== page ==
Even your mind can only imagine the present.
cosmic dream radio , Episode 17
Let’s check into the Hotel Eden to relax in the eternal now. Apollinaire will carry our bags, and gossip about the many poets and imaginative follies at this grand hotel des arts. “Rowing in Eden” by Erik Anderson Reece is from the anthology A Convergence of Birds, a collection of work inspired by Joseph Cornell’s bird boxes.
what on earth was I thinking?
This poem feels like a Cornell box. It plays childishly on a strange ledge over a vista of time, longing, and lyricism.
There are two french words in the text which I pronounce very badly: lilas and pensée: lilacs and pansies. Memory and thought are the rooms on the either side of ours on the eighth floor. Outside our window we’ll watch ballet on the tip of an obelisk. Cornell loved ballet, particularly Swan Lake. He made a box for his favorite ballerina in honor of her performance as the Swan which included feathers from her costume. I imagine Reece knows a lot about Cornell’s pleasures and influences. They surely determine the sights and inhabitants of this Hotel Eden. A New Yorker article from 2003 says of Cornell: “…it was the larksome Cubist poet Apollinaire…whom he placed high among modern poets,” explaining why Apollinaire is the name of the bellhop who takes us to our room. “Frighteningly well read…he [Cornell] had a particular affection for Emily Dickinson and Rimbaud…and wanted to emulate them.” Who is the well-dressed American poet sitting in the French Garden? Emily could be the woman in white rowing to the Hotel de l’Etoile. Or is that one of Cornell’s fées, the enchanting wan “fairy” girls he would momentarily fall for as he flâneured New York City? Like this woman in white, Cornell might have preferred the Hotel de l’Etoile to the Hotel Eden, too. He made multiple boxes with that label, boxes spare (here or here), and celestial (here, here, here, here). Orpheus sings there from the place in his heart where Eurydice is lost. Cornell knew love as mostly fantasy, too. And his art was better for it.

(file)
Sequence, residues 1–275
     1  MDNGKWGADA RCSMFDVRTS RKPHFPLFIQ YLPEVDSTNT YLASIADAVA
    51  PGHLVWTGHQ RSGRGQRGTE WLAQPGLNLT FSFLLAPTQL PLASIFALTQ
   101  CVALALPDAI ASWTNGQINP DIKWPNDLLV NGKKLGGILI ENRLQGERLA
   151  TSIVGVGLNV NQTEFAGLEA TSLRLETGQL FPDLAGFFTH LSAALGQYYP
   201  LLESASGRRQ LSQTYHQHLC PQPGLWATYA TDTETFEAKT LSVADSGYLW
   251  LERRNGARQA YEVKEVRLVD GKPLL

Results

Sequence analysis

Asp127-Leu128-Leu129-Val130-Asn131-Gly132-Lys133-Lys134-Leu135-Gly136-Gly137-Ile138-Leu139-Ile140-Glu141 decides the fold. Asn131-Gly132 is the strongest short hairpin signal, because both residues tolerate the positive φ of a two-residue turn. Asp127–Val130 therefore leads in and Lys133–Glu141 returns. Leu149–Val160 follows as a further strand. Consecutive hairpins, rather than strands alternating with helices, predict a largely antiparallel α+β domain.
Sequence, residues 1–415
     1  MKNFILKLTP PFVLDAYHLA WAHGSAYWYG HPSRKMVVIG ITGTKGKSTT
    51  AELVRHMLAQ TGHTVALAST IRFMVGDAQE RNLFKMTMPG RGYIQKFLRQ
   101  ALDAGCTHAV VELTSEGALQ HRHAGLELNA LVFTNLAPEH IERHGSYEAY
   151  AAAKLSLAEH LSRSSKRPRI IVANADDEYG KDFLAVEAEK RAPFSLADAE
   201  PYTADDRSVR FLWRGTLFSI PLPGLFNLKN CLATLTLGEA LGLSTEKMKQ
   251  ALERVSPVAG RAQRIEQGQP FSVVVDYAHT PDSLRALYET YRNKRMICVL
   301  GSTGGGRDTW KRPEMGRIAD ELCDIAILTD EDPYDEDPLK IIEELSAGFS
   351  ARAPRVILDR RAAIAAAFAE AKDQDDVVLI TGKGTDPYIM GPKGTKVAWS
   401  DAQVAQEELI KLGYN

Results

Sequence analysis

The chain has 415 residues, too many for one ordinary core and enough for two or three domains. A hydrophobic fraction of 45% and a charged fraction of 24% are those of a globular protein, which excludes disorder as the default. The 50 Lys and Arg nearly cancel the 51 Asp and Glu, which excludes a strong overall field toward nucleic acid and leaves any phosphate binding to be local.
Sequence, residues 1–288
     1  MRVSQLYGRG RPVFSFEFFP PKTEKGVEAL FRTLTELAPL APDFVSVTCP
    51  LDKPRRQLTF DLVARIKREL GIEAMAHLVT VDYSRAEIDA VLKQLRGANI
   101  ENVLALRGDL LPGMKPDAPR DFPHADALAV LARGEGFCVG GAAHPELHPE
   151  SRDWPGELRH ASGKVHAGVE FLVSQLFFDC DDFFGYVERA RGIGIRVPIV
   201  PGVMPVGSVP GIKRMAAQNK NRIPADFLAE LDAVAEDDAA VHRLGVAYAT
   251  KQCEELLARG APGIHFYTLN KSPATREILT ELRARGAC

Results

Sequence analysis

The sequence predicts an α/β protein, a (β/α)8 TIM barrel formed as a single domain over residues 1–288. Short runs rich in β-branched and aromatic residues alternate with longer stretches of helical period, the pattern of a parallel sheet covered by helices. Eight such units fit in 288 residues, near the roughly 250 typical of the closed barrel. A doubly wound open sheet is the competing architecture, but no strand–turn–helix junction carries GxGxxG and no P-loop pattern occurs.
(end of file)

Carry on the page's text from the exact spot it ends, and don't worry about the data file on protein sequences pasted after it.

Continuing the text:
Link to the The New Yorker article is below. It very much gives a sense of New York in the 40’s and 50’s and how it engaged Cornell’s imagination— a magical place of pie shops, poetry books, diners, and ballet which became the little mystery reliquaries that are his boxes. “Rowing in Eden” encapsulates Cornell’s imaginative imagery in a box that is a sheet of paper (or the three and a half minutes you will spend listening to me read it to you). It is not made from cut-outs and trinkets, but with words.
Read the poem on this blog.
Here’s the book I read from.
New Yorker article on Joseph Cornell.
sing, woman, sing. deer crash through windows. hell hounds want to play. this crappy bar? you've been here before. nothing's changed. let's turn this basement into a club. everyone's looking for someplace to go.